In 2005, Harrelson became Julianne Moore's alcoholic husband in Jane Anderson's biopic based on the book by Terry Ryan, The Prize Winner of Defiance, Ohio, and played an idealistic attorney in director Niki Caro's Oscar-nominated film North Country, based on the case Jenson v. Eveleth Taconite Co. brought by Lois Jenso, alongside Oscar nominees Charlize Theron and Frances McDormand. More recently, he appeared as singing cowboy Dusty in Robert Altman's comedy A Prairie Home Companion (Meryl Streep, Lindsay Lohan and Tommy Lee Jones), based on Garrison Keilor's long-lived radio program with the same name, and appeared in Richard Linklater's rotoscoped film A Scanner Darkly (costarring with Keanu Reeves and Winona Ryder), based on the Philip K. Dick novel of the same name. Harrelson is set to star in the upcoming films The Grand, The Walker, No Country for Old Men, and Then She Found Me.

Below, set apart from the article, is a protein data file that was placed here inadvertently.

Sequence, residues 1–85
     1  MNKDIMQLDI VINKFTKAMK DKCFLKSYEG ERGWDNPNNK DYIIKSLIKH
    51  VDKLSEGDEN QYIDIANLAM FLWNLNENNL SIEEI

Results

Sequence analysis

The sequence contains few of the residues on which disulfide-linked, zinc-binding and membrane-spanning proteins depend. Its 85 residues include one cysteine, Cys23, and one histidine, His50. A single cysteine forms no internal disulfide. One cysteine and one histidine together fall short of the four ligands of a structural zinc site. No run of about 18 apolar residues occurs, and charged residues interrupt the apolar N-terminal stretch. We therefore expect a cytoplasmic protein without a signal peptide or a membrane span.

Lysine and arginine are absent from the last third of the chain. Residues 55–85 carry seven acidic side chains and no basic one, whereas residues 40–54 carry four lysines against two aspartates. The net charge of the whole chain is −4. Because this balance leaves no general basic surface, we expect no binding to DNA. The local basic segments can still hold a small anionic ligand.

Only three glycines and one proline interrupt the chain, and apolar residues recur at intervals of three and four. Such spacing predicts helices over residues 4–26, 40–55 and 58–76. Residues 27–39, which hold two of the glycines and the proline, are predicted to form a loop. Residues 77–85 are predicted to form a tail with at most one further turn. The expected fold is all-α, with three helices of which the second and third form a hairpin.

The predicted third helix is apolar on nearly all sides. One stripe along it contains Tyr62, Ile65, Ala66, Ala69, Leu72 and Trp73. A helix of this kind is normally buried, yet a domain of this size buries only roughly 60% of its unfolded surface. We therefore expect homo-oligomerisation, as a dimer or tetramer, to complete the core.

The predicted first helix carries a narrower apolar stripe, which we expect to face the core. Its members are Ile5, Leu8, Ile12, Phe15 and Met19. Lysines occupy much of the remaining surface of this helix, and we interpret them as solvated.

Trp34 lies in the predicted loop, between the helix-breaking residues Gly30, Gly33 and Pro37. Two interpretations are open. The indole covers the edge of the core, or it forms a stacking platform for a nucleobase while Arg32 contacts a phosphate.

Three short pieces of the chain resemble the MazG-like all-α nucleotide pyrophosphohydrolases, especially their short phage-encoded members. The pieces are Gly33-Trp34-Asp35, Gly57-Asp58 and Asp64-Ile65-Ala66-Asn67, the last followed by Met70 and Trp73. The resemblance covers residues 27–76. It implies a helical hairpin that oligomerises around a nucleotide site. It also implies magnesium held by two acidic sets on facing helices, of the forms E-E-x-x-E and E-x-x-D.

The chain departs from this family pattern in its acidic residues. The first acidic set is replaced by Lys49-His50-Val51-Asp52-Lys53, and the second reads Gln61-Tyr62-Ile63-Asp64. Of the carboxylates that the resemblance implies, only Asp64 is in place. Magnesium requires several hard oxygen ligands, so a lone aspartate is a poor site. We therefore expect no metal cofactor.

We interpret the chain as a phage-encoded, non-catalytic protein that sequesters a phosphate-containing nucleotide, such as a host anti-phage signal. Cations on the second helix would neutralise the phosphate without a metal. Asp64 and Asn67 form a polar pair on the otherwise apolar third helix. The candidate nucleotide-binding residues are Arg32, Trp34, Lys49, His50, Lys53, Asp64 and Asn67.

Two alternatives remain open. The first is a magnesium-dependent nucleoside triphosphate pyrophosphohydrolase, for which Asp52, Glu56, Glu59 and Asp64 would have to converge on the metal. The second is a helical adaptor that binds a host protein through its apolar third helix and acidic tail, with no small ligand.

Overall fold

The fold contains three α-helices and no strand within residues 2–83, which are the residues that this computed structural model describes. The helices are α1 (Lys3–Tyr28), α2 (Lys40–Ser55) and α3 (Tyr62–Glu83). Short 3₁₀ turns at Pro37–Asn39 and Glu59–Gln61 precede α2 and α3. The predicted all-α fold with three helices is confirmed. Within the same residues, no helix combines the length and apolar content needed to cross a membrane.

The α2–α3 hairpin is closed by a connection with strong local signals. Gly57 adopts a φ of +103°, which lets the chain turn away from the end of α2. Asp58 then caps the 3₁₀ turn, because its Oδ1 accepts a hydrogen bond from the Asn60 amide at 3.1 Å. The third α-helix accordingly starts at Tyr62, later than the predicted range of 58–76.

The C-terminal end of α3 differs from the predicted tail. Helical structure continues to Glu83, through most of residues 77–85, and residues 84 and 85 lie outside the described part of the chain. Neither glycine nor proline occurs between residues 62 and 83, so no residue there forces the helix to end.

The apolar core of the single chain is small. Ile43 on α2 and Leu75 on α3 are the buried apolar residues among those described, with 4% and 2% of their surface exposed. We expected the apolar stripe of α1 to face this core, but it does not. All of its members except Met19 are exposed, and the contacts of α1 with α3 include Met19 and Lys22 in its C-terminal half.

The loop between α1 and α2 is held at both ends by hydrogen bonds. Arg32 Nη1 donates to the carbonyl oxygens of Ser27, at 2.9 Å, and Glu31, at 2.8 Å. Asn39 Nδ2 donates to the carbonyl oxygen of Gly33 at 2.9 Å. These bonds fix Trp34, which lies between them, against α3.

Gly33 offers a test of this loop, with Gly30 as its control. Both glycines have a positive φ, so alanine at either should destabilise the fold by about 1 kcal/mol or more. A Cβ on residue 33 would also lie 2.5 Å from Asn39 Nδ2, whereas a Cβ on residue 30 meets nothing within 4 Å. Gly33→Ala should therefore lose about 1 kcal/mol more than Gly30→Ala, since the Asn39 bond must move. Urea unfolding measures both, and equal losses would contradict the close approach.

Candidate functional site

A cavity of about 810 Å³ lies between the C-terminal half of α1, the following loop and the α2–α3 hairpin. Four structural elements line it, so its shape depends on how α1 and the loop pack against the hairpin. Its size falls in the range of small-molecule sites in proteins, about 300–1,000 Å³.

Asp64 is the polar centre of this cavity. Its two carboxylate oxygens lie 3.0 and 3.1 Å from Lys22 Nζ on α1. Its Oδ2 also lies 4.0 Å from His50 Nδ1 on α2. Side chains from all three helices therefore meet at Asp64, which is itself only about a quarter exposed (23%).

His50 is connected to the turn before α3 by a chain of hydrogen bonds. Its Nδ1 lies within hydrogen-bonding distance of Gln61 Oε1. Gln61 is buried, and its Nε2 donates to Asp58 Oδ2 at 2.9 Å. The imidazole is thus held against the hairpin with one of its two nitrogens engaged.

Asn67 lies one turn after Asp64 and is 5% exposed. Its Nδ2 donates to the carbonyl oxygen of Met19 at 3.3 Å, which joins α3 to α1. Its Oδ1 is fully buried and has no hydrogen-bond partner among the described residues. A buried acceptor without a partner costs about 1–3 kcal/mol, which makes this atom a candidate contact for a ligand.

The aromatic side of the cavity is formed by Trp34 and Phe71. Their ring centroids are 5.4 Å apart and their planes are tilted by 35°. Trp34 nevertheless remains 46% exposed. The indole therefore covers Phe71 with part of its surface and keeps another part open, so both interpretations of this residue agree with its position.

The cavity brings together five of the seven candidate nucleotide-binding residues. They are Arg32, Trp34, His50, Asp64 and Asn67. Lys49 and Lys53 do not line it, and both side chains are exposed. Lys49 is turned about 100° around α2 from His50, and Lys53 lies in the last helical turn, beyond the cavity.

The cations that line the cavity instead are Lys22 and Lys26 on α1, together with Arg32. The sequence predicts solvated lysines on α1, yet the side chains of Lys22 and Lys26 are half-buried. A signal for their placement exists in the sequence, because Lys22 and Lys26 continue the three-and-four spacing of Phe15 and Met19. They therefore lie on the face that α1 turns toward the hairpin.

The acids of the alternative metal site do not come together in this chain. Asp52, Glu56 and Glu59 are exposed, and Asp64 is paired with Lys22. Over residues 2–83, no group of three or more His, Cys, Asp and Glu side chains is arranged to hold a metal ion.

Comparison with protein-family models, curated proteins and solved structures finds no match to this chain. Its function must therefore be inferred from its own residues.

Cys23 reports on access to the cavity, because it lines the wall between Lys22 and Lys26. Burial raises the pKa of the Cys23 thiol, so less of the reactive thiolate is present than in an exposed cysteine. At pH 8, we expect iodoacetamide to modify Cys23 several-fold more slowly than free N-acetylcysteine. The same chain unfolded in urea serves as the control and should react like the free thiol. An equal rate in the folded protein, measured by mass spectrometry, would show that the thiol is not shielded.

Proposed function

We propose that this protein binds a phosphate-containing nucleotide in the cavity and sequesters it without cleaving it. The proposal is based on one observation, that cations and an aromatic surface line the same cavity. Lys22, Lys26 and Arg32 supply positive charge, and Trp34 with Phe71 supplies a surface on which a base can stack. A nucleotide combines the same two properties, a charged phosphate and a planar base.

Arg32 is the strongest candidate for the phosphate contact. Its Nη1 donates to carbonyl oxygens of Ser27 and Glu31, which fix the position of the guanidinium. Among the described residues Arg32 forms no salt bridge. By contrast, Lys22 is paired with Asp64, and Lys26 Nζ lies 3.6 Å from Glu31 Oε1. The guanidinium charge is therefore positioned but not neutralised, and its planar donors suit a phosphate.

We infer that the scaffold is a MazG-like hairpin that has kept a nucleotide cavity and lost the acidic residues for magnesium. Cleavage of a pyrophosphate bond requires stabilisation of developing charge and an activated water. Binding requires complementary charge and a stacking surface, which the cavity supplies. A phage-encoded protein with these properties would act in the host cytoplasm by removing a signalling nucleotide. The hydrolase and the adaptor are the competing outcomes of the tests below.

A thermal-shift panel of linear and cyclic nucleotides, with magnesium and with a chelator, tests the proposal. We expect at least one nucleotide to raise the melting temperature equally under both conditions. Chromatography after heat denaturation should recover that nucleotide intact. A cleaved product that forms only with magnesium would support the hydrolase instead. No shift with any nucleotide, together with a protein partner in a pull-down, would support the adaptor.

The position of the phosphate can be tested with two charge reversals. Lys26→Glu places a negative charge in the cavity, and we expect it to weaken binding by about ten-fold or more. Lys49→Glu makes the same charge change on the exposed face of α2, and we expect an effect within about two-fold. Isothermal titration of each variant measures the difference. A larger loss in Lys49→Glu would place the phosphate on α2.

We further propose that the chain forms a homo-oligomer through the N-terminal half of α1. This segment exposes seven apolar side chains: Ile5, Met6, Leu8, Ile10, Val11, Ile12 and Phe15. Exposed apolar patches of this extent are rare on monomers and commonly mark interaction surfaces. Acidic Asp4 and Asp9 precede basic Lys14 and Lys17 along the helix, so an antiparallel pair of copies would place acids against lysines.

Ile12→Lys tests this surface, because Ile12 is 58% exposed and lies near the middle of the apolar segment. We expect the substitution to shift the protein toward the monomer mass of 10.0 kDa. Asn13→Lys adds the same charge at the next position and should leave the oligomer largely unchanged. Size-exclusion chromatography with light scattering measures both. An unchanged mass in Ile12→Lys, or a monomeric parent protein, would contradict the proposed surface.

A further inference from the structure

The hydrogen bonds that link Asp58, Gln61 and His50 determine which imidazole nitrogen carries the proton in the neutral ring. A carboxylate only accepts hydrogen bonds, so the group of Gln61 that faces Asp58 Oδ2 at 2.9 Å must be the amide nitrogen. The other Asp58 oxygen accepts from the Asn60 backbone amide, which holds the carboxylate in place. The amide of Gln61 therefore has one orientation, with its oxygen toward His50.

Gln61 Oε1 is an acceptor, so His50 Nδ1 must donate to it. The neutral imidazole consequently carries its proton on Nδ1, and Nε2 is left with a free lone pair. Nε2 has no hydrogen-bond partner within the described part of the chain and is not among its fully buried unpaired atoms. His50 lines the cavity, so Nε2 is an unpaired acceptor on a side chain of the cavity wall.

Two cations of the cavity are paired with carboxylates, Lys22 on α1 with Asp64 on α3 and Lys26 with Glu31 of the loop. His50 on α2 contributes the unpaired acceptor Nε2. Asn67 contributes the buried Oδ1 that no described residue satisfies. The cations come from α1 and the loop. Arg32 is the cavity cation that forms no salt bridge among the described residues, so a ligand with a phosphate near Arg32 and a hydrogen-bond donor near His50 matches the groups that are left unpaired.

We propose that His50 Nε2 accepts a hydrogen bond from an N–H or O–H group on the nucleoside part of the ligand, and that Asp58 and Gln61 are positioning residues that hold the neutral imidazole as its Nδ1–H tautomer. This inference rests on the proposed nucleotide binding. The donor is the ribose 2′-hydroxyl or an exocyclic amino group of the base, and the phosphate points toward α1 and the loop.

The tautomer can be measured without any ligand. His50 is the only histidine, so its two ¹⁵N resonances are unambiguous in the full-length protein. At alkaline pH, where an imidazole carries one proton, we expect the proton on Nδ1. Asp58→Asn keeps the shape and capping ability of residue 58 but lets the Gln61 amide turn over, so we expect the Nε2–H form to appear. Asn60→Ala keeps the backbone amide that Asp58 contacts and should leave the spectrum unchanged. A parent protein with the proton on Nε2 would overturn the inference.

• Woodstock Film Festival: Honorary Maverick Award, 2003

  • Western Heritage Awards: Theatrical Motion Picture, The Hi-Lo Country, 1999

  • MTV Movie Awards: Best Kiss, Indecent Proposal, 1994

  • Razzie: Worst Supporting Actor, Indecent Proposal, 1994

  • Emmy: Outstanding Supporting Actor in a Comedy Series, “Cheers,” 1989

  • American Comedy Awards: Funniest Newcomer - Male or Female, “Cheers,” 1987